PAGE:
"We don't have that leadership at the federal level right now."
While the federal government drags its feet on addressing climate change, states and cities are stepping up with clean-air protections of their own. For instance, the US is on track to uphold its obligations under the Paris Climate Agreement, due in part to efforts by the United States Climate Alliance, a bipartisan group of 17 governors committed to seeing the accord through and reducing greenhouse gas emissions worldwide.
"We can avoid the worst scenarios and impacts that we talk about in the report, but it is something that's going to require a lot of more effort," Light said. "We've got great leadership coming out of California in particular, but also more than a dozen other states, hundreds of cities, thousands of businesses, but we don't have that leadership at the federal level right now. That's the part where we have a lot of improvement we can still do."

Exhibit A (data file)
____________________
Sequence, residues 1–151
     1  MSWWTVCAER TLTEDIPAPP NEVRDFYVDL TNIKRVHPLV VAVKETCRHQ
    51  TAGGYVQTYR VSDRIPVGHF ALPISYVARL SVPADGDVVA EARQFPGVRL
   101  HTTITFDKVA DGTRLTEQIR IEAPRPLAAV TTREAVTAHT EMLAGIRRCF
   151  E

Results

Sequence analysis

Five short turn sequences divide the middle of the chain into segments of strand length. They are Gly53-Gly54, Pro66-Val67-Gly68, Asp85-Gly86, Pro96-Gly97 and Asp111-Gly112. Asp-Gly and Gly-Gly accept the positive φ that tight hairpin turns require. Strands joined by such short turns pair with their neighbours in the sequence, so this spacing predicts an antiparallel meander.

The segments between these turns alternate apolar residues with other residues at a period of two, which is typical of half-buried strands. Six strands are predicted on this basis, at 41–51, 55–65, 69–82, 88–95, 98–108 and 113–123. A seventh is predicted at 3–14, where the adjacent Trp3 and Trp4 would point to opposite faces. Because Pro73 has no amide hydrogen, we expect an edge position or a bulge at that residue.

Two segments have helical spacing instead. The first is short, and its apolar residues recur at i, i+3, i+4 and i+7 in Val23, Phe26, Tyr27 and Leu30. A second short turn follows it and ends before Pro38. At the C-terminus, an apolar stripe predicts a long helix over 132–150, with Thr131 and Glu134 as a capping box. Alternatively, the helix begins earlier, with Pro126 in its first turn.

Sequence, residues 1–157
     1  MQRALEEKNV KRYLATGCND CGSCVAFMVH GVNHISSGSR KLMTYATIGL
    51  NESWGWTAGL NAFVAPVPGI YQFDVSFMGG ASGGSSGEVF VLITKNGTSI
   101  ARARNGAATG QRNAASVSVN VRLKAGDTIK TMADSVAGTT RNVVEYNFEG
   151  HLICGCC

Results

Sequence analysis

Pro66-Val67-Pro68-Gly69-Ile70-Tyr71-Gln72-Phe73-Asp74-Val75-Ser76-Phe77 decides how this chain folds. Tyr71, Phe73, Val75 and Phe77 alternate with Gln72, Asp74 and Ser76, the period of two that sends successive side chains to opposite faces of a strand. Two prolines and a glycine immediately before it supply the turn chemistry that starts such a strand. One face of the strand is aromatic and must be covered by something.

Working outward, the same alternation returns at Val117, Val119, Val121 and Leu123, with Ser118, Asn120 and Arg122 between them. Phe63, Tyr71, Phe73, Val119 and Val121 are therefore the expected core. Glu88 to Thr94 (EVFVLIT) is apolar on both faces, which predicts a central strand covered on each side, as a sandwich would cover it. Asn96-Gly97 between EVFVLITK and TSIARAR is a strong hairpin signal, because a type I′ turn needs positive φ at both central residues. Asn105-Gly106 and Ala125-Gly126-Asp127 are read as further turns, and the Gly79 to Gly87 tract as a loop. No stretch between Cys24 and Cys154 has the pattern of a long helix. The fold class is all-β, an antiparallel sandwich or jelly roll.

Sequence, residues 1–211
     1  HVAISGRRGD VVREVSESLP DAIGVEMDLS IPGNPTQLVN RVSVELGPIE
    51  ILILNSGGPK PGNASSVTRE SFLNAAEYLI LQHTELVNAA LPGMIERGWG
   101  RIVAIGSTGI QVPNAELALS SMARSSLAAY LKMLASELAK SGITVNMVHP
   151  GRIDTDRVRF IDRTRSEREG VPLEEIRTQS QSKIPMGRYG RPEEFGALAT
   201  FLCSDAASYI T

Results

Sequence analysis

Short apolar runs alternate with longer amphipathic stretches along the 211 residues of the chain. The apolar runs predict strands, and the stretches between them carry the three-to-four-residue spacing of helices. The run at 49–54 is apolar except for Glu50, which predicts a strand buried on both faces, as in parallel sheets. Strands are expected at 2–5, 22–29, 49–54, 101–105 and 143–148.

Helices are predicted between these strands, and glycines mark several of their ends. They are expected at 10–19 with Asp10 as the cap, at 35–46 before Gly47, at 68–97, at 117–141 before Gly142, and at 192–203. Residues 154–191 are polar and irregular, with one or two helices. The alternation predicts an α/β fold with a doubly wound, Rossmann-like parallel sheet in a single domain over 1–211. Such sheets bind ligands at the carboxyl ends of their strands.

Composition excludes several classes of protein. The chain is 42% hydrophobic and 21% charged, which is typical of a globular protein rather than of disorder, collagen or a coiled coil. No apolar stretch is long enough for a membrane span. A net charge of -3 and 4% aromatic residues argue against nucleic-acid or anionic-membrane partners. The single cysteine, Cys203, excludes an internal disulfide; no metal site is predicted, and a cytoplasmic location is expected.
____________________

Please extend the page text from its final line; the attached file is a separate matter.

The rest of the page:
The Fourth National Climate Assessment is clear. It doesn't inject politics into its science, and it doesn't mince words -- even in the introduction, which closes as follows:
[The Fourth National Climate Assessment] concludes that the evidence of human-caused climate change is overwhelming and continues to strengthen, that the impacts of climate change are intensifying across the country, and that climate-related threats to Americans' physical, social, and economic well-being are rising. These impacts are projected to intensify -- but how much they intensify will depend on actions taken to reduce global greenhouse gas emissions and to adapt to the risks from climate change now and in the coming decades.